The first time I stepped onto a train with my host in Petrosani I asked him, "don't we need a ticket?", he said, "shh nasul" with a smerk on his face.
This will be one of those stories about "a friend" that had yet another interesting cultural encounter involving transportation in Romania.
This "friend" had to take the night train from Petrosani to Bucharest. He had taken that particular train before. He was very accustomed to the train scheldule and how long it would take him to get to the train station, but still in his natural procrastinating, always rushing ways he decided to get a late start on packing, forcing him to basically have to run to the train station. As he was crossing the catwalk above the tracks he looked down to see that on this particular night his train happened to be on time and his phone told him that he only had one minute until it departs. There was no time to buy a ticket.
As the tired, obviously not Romanian, volunteer approached the cfr(train company) authorities he asked if it would be ok if he could buy the ticket on the train. They said "yes" of course and then told him the price was 61 lei. My friend was surprised. He had never paid over 50 lei for a ticket and he only had 51 lei in his wallet. He showed the authorities that he did not have 61 lei but they told him to board the train anyway. When the authorities came around to check tickets they told my friend to come out of the compartment. My friend gave the man all of his money, 51 lei, and the man said that it wasn't enough. He told my friend that it costs 68 lei. Naturally, my friend thought "is it 61 or 68 or even cheaper than 50 lei like I'm used to". After giving up his 50 lei my the man who took the money told my friend to tell anybody asking that he was going to Craiova instead of Bucharest.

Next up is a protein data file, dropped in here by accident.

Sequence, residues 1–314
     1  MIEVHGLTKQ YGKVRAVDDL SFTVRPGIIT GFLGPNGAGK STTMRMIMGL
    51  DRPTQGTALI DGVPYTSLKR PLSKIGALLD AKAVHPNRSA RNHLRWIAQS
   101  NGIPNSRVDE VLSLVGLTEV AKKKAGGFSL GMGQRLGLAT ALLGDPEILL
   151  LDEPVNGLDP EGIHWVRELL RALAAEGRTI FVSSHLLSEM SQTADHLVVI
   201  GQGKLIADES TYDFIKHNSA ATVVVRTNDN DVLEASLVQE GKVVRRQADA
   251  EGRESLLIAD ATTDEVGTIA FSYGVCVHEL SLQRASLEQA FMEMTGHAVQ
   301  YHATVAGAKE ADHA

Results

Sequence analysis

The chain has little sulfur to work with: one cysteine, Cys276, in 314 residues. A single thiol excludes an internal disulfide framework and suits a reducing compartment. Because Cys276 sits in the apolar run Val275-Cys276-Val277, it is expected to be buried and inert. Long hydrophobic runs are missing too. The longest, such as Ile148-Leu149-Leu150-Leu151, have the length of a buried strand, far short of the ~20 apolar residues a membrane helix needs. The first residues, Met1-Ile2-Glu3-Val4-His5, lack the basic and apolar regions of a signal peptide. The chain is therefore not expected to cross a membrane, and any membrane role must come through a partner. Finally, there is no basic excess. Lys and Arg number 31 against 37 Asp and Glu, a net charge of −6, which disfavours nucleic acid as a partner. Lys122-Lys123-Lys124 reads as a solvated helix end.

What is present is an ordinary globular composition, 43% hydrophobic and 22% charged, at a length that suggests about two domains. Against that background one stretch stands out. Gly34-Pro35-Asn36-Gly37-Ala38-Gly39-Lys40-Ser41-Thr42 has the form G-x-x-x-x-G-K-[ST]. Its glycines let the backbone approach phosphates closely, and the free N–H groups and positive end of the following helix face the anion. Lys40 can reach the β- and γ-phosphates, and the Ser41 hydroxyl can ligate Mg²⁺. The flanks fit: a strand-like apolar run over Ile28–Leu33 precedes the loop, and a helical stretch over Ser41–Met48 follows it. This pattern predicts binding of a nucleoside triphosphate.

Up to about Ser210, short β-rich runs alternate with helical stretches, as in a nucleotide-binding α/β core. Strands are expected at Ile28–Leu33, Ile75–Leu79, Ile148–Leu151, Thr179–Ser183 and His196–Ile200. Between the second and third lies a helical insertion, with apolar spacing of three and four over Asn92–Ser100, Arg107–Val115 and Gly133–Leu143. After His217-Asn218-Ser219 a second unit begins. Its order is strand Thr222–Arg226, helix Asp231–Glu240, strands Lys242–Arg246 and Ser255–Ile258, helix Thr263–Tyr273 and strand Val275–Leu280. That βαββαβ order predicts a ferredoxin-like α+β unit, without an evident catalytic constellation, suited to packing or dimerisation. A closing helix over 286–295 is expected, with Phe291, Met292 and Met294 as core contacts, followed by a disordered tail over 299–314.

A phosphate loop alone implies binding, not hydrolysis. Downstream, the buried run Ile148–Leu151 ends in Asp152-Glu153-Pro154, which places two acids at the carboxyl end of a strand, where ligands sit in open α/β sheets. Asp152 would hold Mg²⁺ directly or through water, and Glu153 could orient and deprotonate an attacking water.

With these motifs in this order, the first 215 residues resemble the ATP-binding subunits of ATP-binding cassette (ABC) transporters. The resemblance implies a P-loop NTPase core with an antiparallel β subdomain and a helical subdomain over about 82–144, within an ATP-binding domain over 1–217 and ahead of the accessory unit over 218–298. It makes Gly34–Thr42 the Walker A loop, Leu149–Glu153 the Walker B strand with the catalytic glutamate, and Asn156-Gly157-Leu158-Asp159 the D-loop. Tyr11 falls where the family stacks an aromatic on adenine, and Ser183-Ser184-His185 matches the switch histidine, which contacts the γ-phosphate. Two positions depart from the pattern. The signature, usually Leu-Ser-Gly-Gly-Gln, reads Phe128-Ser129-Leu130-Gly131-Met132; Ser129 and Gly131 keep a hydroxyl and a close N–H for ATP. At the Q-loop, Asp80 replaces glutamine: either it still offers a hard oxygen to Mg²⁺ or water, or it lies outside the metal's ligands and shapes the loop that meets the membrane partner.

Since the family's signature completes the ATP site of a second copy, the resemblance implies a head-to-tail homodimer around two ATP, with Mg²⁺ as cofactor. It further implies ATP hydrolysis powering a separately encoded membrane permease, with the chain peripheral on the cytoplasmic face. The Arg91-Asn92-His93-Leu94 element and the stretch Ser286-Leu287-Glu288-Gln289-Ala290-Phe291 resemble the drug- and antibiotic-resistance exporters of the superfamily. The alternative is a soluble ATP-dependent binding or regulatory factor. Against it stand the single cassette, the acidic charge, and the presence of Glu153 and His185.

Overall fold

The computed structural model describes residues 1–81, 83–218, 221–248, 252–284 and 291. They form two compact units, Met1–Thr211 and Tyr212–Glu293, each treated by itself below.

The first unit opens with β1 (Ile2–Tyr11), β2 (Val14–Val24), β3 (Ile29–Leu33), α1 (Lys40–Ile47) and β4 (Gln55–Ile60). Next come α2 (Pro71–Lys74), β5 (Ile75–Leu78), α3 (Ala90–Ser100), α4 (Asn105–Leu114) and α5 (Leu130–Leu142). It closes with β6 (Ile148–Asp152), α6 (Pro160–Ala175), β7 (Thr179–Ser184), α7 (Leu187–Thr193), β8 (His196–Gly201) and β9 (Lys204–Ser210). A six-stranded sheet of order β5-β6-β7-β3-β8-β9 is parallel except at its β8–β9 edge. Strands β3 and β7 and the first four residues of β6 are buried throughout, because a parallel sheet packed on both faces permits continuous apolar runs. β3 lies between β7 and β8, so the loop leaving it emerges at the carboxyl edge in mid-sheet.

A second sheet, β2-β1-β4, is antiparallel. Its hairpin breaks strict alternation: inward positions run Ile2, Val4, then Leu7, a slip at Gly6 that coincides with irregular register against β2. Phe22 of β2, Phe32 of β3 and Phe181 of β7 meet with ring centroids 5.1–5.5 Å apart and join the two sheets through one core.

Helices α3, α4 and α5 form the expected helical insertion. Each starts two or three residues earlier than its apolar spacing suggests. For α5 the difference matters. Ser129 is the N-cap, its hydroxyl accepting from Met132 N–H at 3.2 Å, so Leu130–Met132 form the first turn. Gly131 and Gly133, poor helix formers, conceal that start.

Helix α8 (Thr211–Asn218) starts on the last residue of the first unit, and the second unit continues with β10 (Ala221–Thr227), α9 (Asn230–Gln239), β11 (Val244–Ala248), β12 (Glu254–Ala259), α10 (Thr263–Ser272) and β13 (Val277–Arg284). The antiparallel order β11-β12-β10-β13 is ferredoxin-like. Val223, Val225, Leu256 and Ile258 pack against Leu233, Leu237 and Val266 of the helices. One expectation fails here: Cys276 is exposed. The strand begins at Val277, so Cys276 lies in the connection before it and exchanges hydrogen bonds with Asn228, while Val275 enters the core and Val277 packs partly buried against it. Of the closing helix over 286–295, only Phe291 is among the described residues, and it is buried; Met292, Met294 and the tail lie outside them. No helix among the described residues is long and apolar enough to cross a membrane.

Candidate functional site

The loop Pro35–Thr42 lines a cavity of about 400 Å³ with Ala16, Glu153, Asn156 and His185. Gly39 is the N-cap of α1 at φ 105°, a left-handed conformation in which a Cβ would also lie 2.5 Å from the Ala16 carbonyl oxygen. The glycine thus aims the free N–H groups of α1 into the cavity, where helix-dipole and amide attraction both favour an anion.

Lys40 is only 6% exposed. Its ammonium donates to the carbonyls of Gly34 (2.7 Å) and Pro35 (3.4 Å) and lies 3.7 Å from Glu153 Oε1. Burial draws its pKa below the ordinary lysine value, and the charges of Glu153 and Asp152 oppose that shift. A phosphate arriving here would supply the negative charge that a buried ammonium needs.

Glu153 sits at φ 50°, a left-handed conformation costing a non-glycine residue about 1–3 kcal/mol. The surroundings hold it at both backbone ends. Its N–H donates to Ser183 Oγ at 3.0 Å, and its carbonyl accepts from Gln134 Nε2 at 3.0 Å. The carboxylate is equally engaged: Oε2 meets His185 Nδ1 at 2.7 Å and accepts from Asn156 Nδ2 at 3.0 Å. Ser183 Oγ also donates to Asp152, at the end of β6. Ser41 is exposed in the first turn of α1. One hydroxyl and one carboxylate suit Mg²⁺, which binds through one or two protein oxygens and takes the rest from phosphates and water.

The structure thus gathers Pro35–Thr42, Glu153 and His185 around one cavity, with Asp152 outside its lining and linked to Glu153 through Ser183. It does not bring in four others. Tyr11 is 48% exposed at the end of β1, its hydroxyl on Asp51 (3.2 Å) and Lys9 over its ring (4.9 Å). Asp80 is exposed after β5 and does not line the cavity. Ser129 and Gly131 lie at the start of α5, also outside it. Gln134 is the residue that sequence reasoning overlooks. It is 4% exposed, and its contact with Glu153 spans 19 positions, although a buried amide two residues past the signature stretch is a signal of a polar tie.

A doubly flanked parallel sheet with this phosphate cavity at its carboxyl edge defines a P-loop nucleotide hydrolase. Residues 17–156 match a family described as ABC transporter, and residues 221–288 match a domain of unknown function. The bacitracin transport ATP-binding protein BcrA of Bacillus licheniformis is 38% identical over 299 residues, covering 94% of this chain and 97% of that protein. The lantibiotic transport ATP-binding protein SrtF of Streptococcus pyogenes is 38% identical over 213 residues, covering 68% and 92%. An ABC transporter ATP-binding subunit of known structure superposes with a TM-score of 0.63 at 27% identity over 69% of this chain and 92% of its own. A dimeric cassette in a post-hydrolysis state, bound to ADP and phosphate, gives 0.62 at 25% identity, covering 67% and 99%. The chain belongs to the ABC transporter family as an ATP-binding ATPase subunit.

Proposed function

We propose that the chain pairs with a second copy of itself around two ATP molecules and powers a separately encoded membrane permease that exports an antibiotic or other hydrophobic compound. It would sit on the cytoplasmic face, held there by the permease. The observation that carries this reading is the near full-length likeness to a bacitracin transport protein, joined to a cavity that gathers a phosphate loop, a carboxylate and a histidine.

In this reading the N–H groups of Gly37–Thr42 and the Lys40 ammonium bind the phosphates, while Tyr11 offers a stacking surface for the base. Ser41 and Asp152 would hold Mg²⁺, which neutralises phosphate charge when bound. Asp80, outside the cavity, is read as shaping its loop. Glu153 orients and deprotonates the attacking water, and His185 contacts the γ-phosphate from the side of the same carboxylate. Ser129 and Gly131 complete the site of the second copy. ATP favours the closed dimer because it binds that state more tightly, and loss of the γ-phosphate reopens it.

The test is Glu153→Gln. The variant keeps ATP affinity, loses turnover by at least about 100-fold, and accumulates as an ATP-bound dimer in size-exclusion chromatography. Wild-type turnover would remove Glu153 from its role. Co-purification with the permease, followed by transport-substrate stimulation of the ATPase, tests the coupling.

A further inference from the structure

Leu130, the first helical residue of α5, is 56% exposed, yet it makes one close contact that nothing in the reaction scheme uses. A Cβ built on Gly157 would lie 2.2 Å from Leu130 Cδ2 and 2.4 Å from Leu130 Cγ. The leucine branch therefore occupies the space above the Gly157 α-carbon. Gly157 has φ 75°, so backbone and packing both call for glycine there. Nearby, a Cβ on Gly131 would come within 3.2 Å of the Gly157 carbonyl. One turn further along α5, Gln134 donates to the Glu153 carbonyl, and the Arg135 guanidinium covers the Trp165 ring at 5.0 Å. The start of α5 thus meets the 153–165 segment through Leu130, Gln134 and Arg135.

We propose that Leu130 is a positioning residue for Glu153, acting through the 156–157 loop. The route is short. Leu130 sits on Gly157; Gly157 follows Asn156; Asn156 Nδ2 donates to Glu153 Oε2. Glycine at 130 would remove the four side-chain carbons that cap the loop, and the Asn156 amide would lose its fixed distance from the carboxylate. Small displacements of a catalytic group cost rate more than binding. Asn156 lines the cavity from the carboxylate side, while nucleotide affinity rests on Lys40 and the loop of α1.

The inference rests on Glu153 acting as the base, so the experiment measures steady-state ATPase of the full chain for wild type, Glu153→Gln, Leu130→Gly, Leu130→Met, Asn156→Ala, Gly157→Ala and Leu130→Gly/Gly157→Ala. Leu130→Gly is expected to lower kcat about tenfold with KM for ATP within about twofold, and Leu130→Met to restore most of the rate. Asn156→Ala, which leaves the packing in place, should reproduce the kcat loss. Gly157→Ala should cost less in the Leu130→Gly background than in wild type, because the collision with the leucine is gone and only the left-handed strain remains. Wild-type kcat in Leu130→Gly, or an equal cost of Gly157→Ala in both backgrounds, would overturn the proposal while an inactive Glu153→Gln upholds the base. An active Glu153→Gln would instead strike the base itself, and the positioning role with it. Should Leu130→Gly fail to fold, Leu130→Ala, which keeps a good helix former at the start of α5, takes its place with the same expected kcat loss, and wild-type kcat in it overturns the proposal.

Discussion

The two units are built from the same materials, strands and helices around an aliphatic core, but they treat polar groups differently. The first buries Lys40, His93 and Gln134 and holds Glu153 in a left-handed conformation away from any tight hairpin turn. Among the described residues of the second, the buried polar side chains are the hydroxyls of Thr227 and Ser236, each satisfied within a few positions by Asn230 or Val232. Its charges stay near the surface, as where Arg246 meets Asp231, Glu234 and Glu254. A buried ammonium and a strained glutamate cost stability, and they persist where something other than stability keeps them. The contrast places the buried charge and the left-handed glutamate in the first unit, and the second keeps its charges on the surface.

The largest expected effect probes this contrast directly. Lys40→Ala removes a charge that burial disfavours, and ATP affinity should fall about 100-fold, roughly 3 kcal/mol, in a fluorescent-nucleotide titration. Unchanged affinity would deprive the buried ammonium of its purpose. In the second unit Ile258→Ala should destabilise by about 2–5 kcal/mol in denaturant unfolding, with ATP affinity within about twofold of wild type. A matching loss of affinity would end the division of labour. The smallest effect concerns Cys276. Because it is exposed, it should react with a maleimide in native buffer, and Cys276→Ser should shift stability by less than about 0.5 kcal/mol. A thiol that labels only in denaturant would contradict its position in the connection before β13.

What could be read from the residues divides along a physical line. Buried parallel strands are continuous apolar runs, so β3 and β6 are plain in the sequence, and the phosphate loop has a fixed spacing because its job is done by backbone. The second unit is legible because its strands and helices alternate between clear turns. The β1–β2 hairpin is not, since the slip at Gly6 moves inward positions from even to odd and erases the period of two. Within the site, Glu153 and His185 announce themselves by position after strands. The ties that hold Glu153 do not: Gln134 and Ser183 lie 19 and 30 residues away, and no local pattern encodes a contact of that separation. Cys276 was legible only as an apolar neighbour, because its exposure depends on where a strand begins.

It was hard to sleep for the first couple of hours on the train. He was nervous about the upcoming encounter where he would have to lie, wondering if it would even work. There is the chance that the last man just kept the money and my friend would be kicked off the train, or even worse, fined. It wasn't until after Craiova had passed when someone finally came in to check the tickets. That someone was a man that was not dressed in a proper uniform but he had two uniformed men behind him. He checked the tickets of the other men in the compartment and completely ignored my friend who was relieved after the encounter and could finally sleep.
Within an hour from Bucharest, almost there, and 4 old men enter my friends compartment. He knew that someone would be around to check their tickets. He looked out for someone to come, someone came, checked tickets, but this time my friend completely ignored the man checking the tickets. The man didn't press my friend too hard for the ticket as my friend pretended to be just waking up, posing as someone who has been on the train for a while and therefor his ticket doesn't need to be checked again. The act worked and my friend cruised in to Bucharest on the Arad-Constanta line.
"Nasul" means "The Godfather" in Romanian and when my host first said that on the train he was refering to corruption. My "friend" doesn't condone or approve of this kind of activity however this particular time he found himself in situations where "nasul" saved him.